What is to be done? The 2010 Dietary Guidelines for Americans recommended that cholesterol intake be limited to 300 mg/d, or 200 mg/d for persons with or at high risk for cardiovascular disease or type 2 diabetes. Given the evidence, it would be prudent not to disregard those limits, but rather to strengthen them. The optimal cholesterol intake may well be zero.

When it comes to cholesterol, caution is advisable.

Competing interests: The authors have no conflicts of interest to declare.

neal_barnardNeal D Barnard is adjunct associate professor of Medicine at George Washington University School of Medicine and Health Sciences. 

 

 

angela_eakinAngela Eakin, Valley Family Medicine, Valley Medical Center, Renton.

  • DanielFaster

    Great summary, really appreciate this.

  • Johan Wallström

    The industry replaced the fat with sugar, which was not a good idea. The USDA knew that but they fell for the pressure from the lobbyists. A lot of other things happened at the same time too. More food overall, more fast food, more processed food, more meat, more cheese, more candy, more sodas, less everyday motion. You can’t easily single out one of the factors

  • Johan Wallström

    You wanna have some fat in your diet… It’s an important nutrient for us. But skip the saturated

  • Ashwani Garg MD

    There are some who are genetically predisposed to higher cholesterol, but for most people a “vegan” diet is not necessarily the way to lower cholesterol. However, a truly low fat, whole food, plant based, no oil diet is the best way. In this eating plan, you eat maximum amounts of fruits, vegetables, whole grains, and legumes, with only a minimum amount of nuts and seeds, and minimum amounts of higher fat foods such as avocado, olives, and coconuts, with absolutely no oil. Also maximize greens into the eating plan; generally 1/2 of veggies are uncooked. A vegan diet can mean so many different things, but a whole food, plant based diet is the way to go for those with high cholesterol. This diet will decrease the fat content of foods to less than 10%, with almost no saturated fat, and the fiber content increases to about 40-70 grams of fiber / day. Whole foods has videos on its website called “healthy cooking 101” that includes a method of “steam frying” without oil! Instead use water, veggie broth, etc.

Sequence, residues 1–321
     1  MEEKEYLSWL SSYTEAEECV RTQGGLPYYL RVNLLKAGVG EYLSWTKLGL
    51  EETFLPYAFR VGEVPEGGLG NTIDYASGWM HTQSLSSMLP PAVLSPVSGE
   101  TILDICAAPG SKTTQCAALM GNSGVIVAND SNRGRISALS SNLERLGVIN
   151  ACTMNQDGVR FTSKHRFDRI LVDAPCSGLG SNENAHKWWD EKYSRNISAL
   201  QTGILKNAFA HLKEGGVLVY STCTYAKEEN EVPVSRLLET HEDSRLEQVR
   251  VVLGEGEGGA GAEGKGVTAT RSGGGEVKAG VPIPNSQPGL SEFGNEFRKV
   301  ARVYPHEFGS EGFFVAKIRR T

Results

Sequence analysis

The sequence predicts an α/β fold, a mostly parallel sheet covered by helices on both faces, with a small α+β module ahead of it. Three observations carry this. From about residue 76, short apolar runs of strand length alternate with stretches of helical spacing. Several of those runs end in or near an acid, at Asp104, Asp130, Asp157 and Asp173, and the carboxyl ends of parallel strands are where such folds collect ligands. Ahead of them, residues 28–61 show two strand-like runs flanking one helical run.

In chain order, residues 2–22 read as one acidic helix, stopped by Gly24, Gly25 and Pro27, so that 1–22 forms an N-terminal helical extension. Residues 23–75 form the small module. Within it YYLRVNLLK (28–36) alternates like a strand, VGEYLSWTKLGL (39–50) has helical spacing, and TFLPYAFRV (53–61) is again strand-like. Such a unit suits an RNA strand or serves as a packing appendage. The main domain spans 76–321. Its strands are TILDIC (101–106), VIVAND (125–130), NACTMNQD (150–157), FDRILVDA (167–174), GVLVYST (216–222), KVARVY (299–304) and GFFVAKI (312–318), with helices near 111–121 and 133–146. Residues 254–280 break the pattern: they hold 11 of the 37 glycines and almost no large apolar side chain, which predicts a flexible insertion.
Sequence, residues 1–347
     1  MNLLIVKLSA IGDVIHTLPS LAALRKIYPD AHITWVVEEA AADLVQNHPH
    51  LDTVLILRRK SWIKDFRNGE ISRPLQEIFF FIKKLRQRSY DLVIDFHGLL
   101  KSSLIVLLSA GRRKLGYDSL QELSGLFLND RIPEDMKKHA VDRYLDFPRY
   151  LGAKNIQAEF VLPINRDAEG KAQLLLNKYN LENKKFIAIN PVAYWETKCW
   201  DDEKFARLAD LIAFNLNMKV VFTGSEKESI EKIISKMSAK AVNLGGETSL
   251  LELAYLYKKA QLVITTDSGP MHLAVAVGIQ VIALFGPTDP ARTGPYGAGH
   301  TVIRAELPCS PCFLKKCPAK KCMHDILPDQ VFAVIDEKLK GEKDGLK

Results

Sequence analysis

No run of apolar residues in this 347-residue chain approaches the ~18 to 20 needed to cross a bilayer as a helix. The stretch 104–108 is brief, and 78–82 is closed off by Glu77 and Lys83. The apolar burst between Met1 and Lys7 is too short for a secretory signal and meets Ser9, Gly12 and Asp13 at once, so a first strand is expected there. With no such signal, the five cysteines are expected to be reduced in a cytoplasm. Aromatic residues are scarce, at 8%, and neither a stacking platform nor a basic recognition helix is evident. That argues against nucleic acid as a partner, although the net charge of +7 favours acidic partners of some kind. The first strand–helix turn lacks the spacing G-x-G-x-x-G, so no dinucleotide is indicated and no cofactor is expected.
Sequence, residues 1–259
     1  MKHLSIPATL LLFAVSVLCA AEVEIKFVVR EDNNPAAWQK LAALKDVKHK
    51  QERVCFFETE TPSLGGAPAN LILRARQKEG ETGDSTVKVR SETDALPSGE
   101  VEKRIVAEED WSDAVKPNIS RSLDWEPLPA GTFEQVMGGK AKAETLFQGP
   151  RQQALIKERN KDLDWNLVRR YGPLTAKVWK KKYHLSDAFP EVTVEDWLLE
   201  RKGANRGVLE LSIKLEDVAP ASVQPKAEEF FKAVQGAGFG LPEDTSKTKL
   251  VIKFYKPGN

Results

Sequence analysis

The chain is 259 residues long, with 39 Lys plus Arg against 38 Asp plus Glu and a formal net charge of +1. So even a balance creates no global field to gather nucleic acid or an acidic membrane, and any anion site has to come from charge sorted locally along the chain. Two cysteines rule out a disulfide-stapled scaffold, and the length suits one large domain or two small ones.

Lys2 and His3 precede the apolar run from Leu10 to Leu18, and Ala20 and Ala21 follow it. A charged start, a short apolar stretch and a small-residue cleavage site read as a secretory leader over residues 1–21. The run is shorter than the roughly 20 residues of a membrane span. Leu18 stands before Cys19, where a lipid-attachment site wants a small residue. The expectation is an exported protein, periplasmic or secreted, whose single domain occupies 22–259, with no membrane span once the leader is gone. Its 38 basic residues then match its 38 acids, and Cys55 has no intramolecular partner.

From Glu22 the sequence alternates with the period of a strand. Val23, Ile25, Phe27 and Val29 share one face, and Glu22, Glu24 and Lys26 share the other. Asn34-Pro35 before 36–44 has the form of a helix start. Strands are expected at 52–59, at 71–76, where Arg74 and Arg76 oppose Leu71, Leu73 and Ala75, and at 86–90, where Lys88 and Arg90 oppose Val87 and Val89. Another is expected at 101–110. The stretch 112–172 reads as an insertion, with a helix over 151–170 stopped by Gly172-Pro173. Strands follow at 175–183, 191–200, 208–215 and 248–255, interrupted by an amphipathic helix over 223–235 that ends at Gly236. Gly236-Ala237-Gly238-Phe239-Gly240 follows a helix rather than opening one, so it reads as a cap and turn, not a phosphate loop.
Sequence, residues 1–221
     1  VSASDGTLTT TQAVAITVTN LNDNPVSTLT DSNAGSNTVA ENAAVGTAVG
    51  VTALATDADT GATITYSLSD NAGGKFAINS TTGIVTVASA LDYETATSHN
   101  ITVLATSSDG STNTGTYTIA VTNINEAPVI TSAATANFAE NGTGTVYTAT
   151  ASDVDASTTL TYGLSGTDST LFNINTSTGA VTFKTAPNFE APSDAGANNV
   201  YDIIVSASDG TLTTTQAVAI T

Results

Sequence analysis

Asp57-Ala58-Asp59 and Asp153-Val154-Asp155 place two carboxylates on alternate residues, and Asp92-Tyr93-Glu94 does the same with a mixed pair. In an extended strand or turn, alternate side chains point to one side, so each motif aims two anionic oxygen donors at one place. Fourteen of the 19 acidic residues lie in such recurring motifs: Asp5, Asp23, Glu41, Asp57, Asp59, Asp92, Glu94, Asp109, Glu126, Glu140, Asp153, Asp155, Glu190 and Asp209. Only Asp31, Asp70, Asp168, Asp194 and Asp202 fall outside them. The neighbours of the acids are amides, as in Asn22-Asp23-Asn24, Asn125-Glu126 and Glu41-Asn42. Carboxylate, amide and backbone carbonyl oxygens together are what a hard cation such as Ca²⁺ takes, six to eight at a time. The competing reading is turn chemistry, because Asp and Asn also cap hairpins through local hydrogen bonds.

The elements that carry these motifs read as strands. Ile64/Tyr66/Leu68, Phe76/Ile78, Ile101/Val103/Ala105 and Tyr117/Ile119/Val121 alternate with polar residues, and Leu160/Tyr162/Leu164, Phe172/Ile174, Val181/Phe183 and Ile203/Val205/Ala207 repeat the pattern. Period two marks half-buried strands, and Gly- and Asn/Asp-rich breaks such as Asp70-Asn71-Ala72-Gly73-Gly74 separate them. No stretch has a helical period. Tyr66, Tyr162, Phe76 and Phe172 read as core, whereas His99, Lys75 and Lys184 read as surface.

• Ashwani Garg MD

    Dr. Barnard has an agenda and that is maximizing the public’s health and minimizing the suffering of animals. I don’t see a conflict here. As a psychiatrist, Dr. Barnard has unique insights, and formed his nonprofit PCRM a long time ago. He has a great team including registered dieticians and other physicians, and offers training in “food for life” to spread the message of health and wellness. Dr. Barnard’s research has shown that a low fat, plant based diet can improve diabetes as well or better than many diabetic drugs, and also that a workplace wellness program can improve health and promote weight loss by focusing on a plant-based eating plan. The research was peer reviewed and published in medical journals. I am not aware of any prospective peer-reviewed medical research that shows that a diet high in meat and cheese is superior to a diet that is exclusively whole food, plant based. As a physician, Dr. Neal Barnard understands medical research and has a team to support him. He makes available free continuing medical education to all who have an interest, and a book on nutrition free to all medical students, this book is heavily referenced.